Source Data

Dehydration at subglacial temperatures

It is not possible to infer from only the two hydrous crystal structures determined at vastly different temperatures described above whether the included water molecules experience a reversible disorder to short-range-order transition (analogous to freezing and melting) over a narrow temperature range, or if the process occurs gradually on thermal cycling. Therefore, subambient variable-temperature SCXRD (VT-SCXRD) studies were carried out, initially using a cryostat that used dry N2 gas at 1 bar. Under these conditions, the hydrous crystals still transformed from red to yellow (indicating dehydration), remarkably even at temperatures below 0 °C. Indeed, the colour of a T1 crystal provides a convenient visual indication of its hydration state, which would otherwise be difficult to ascertain at low temperatures. Variable-temperature optical microscopy (Fig. 3c and Supplementary Videos 4 and 5) showed that the crystals remained red for longer than 5 days at temperatures below −70 °C, whereas a distinct change to yellow indicated water loss at temperatures above this (Supplementary Text 10).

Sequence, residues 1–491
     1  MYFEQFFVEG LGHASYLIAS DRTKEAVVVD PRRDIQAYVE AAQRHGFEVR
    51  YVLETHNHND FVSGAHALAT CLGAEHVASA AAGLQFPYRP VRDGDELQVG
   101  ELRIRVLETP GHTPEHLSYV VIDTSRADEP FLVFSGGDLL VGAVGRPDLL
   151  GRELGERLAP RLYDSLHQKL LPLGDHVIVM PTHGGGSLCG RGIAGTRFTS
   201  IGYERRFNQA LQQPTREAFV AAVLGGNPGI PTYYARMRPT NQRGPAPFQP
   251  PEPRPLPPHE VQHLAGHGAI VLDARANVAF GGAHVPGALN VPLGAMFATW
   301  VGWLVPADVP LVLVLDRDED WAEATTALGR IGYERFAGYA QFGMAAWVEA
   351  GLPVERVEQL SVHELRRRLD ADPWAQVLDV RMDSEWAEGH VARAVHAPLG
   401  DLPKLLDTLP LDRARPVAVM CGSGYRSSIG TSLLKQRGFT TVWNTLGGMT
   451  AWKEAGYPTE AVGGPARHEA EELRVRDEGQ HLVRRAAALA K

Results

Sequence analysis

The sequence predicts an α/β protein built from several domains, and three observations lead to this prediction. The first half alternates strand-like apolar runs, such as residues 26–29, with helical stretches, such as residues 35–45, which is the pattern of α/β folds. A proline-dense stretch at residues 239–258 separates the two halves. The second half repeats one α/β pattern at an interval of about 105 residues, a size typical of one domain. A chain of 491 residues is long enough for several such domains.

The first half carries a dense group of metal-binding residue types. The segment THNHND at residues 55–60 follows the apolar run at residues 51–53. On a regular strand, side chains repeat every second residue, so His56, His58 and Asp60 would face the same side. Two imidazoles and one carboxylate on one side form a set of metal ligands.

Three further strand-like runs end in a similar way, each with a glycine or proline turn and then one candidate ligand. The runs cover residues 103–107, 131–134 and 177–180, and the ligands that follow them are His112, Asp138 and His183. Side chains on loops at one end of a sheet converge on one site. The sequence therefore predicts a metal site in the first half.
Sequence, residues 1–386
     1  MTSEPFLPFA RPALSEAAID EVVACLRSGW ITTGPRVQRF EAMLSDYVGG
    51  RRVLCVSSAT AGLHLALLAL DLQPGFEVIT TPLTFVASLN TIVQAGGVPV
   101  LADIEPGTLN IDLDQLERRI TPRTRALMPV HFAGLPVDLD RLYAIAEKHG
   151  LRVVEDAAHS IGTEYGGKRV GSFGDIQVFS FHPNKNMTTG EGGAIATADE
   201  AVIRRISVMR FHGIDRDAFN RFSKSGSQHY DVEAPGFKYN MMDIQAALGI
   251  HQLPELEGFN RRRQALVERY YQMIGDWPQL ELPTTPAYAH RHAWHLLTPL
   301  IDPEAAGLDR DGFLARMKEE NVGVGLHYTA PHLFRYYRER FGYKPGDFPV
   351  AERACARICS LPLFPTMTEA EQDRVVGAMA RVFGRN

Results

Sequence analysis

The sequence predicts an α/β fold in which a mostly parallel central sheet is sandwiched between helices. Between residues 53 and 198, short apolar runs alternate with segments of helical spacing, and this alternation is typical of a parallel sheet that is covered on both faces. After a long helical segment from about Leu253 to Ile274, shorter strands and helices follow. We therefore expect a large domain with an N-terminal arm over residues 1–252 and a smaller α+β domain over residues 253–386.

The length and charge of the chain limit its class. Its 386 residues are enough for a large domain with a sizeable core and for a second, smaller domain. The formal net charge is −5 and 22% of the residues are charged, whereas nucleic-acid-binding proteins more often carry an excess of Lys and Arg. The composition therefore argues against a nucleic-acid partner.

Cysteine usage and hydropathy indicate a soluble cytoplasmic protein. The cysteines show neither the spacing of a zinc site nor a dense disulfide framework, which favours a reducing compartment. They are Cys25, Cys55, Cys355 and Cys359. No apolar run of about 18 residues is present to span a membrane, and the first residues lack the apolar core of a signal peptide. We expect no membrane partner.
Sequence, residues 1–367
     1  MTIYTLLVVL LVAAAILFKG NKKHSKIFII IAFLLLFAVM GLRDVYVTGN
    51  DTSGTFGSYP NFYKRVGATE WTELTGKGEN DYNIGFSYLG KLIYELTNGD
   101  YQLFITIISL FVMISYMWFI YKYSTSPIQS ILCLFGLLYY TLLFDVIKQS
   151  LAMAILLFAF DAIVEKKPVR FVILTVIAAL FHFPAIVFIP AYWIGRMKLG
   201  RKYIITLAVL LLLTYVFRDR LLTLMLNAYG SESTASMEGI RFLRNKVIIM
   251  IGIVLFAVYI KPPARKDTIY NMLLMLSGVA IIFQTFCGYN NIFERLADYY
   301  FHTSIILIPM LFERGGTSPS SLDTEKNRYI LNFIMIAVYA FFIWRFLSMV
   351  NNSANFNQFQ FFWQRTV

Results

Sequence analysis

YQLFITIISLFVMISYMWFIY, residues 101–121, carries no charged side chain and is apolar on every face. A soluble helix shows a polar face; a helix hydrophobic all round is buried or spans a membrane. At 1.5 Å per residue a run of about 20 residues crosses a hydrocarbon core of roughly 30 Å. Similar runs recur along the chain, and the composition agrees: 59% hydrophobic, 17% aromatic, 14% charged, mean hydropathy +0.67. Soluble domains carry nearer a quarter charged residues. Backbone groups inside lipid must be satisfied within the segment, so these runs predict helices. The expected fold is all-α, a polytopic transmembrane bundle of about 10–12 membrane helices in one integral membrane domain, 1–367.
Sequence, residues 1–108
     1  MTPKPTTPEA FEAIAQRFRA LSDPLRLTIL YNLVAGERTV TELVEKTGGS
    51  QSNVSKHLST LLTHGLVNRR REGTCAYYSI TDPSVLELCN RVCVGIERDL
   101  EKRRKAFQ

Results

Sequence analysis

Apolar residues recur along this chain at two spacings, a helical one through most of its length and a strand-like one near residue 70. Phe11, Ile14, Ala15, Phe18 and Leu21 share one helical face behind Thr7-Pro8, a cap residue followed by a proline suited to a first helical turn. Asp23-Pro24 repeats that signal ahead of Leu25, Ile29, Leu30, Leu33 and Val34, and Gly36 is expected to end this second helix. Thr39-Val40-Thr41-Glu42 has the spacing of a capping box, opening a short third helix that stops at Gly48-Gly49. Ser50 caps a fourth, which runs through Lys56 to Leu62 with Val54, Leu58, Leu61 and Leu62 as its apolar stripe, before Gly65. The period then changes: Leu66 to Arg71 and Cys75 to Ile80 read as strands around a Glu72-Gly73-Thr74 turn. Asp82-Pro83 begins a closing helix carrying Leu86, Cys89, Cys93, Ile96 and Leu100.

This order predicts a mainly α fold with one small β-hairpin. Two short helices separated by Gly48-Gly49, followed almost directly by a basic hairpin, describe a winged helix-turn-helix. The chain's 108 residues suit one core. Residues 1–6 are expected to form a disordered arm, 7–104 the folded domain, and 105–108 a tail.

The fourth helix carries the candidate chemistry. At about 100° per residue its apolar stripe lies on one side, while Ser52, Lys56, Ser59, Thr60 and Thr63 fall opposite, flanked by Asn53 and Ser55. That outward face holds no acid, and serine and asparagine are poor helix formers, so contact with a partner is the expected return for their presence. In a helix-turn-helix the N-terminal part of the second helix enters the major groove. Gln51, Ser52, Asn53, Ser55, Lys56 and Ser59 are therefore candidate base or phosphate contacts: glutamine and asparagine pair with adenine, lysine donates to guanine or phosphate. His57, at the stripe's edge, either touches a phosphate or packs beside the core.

VT-SCXRD data (Supplementary Text 11) were recorded at intervals of 5 °C for T1-R from −25 °C to −175 °C, and then back to −25 °C. A similar series of diffraction experiments were carried out for T1-Y, and we thus obtained 122 structural ‘snapshots’ comprising 61 isothermal pairs of structures of both the hydrous and anhydrous forms. As it is an isomorphic dehydrate of T1-R, T1-Y was used as a control to discern subtle temperature-dependent structural changes associated with the immobilization of included water on cooling. We monitored changes in the difference electron density maps due to water in the channels (Supplementary Videos 811). In the range from −25 °C to −50 °C, the densest electron clouds of the hydrous crystal congregate near the host hydroxyl groups, but from their diffuse distribution (Fig. 3a) we infer that the water molecules are still highly mobile. Further cooling locks the electron clouds into positions close to the hydroxyl groups and also results in a gradual localization of electron density throughout the channel (Fig. 3b). Contrasting the temperature-dependent change in the crystallographic axes (Fig. 3d) and displacement of the three unique exposed hydroxyl groups in the hydrous and anhydrous crystal structures (Fig. 3e) provides molecular-level insight into the behaviour of water in the channels. In the presence of water, the host molecules pivot such that two of the hydroxyl groups (O9A and O9D) gradually migrate outward on cooling, with the onset of an abrupt step occurring at −60 °C. Below −70 °C the gradual outward drift resumes. The remaining hydroxyl group (O9B) gradually migrates inwards over the entire temperature range of −25 °C to −175 °C.